By H Dominic W Stiles, on 21 October 2016
Northumbrian born William Robsson Scott (1811-66), was a son of the physician and magistrate, Dr. Walter Scott (see In Memorium for what follows). He became a teacher of the deaf, and principal of the West of England Institution in Exeter. His obituary does not tell us what embarked him on his career as a teacher, but tells us that he was another of those teachers who received early training at the Yorkshire Institution under Charles Baker. He left there in 1841 to go to Exeter where he stayed until his death, thirty-six years later, though “an attack of paralysis” partially incapacitated him for the last five years of his life. It seems he must have met his wife, Mary Maundel or Mandell Scott, when he was in Doncaster, where she was from, and they married in London, presumably when he was on his way to Exeter.
Marriages Mar 1841, London
MASON Mary Mandell – SCOTT William Robson
Mary was the matron at the school. Indeed, I expect it was the preference of the governing bodies of institutions to appoint a husband and wife team, so perhaps he had to get married, and it may have been a practical marriage rather than a romantic one – we will never know. They did have several children.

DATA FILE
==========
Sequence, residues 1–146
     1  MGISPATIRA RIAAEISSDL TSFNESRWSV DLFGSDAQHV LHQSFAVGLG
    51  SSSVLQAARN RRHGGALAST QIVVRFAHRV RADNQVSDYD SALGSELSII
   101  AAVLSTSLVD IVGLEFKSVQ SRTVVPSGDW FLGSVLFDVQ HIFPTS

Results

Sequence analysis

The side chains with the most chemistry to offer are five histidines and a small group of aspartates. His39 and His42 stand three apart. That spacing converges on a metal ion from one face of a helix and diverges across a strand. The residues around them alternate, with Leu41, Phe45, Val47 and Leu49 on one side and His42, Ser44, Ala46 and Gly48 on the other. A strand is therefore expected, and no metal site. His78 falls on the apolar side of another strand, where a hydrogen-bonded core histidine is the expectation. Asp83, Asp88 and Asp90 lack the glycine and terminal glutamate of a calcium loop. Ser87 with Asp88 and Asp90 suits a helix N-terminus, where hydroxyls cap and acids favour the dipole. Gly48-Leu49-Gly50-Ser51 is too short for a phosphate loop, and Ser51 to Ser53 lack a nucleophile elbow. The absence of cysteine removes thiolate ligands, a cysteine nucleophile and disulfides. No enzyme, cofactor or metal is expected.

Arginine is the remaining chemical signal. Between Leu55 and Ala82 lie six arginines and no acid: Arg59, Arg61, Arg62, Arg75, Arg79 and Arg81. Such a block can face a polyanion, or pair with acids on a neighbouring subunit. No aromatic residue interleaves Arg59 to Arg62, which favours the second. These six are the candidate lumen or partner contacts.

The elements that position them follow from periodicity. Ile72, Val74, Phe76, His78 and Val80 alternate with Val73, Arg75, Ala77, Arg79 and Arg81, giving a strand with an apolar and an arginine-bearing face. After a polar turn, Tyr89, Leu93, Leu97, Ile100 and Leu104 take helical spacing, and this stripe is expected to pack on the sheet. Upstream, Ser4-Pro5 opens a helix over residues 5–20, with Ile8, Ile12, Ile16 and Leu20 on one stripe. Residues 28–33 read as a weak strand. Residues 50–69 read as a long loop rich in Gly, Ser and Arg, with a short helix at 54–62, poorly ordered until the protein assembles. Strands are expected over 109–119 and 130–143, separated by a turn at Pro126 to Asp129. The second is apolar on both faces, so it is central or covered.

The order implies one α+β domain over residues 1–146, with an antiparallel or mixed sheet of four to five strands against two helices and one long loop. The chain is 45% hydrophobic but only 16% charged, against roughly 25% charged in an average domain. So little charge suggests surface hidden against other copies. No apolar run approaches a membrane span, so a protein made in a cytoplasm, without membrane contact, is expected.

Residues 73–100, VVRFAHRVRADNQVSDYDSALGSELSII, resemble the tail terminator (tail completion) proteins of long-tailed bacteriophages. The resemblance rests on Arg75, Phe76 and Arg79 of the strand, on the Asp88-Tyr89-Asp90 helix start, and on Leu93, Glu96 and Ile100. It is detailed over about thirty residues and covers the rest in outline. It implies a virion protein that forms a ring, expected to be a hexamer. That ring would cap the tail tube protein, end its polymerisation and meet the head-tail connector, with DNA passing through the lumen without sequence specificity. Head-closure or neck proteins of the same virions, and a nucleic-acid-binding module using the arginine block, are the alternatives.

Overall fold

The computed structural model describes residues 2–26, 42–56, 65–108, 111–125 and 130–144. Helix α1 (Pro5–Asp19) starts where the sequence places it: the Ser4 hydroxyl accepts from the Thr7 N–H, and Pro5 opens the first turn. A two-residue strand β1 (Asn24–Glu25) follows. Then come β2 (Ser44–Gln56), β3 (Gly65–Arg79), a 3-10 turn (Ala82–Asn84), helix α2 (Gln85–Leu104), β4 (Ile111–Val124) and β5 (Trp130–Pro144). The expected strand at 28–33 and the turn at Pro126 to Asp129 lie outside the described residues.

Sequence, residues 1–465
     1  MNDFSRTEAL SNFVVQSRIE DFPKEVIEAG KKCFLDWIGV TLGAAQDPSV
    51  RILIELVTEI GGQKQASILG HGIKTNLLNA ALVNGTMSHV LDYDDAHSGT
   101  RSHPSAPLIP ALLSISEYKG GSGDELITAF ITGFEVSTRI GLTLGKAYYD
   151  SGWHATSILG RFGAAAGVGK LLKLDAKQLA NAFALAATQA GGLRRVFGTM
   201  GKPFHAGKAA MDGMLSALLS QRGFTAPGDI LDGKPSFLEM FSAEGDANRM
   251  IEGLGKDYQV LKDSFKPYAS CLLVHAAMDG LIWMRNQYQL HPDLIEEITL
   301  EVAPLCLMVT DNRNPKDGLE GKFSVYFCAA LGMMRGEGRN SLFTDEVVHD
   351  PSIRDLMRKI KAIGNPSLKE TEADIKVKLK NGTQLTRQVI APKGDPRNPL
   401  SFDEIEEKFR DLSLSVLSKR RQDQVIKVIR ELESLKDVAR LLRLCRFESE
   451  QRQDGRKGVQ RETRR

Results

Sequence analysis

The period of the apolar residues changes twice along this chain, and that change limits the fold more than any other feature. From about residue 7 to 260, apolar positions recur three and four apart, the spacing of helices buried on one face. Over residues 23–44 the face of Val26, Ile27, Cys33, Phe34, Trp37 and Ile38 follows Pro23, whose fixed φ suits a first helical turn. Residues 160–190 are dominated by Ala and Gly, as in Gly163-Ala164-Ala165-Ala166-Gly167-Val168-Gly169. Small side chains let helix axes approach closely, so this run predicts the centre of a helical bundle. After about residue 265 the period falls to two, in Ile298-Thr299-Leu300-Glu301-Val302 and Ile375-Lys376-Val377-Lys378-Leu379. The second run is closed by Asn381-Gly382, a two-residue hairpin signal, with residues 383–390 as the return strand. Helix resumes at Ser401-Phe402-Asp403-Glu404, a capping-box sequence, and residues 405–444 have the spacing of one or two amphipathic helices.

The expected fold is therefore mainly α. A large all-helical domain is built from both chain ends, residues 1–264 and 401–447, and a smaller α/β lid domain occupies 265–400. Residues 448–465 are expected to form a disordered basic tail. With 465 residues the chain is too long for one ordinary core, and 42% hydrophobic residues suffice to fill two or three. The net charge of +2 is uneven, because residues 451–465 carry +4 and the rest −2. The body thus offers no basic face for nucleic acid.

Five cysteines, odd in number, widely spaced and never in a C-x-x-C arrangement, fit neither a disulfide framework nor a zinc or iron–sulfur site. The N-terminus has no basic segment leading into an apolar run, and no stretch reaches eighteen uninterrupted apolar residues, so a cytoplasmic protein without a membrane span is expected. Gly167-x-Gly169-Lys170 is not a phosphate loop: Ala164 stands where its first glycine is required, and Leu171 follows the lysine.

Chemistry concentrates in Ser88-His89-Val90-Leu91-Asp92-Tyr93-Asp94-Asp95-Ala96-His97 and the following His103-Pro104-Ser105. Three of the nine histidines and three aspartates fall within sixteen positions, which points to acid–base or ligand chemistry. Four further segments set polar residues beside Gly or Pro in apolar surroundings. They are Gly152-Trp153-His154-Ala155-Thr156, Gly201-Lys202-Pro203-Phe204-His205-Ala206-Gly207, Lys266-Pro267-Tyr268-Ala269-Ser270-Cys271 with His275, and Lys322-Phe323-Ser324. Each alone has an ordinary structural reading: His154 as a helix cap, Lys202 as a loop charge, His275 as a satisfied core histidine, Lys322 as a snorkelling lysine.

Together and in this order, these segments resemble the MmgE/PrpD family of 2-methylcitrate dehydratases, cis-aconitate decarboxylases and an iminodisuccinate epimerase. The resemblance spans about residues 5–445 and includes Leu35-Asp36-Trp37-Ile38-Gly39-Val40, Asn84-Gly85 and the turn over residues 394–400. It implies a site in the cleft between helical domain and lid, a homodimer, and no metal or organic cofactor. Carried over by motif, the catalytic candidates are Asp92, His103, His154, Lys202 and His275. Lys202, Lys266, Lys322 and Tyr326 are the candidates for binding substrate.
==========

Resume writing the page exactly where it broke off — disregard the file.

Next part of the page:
1841 was also the year Mrs Hippisley Tuckfield first became involved with the school. There is a good chance that Scott was the head when the fictional Arthur in the short story by Mrs Webb was published – in other words, perhaps he and Mr Wheatley were the models for the teachers in her story, Mr Eyre and Mr Johnson. Her story then may give us a window into the teaching methods in that period.
No less a person than Sir William Wilde, the ENT doctor and father of Oscar, wrote in his book On the Physical, Moral, and Social Condition of the Deaf and Dumb, that “By far the best work that has appeared in this country on the Deaf and Dumb during the present century is by Dr. Scott, the Principal of the West of England Institution at Exeter – a work should be in the hands of every parent or guardian of a mute child.” (Wilde, 1854, p.21).
D.B., In Memorium, William Robson Scott. Magazine intended chiefly for the Deaf and Dumb, 1877, 5, 97-98.
Wilde, William, On the Physical, Moral, and Social Condition of the Deaf and Dumb, 1854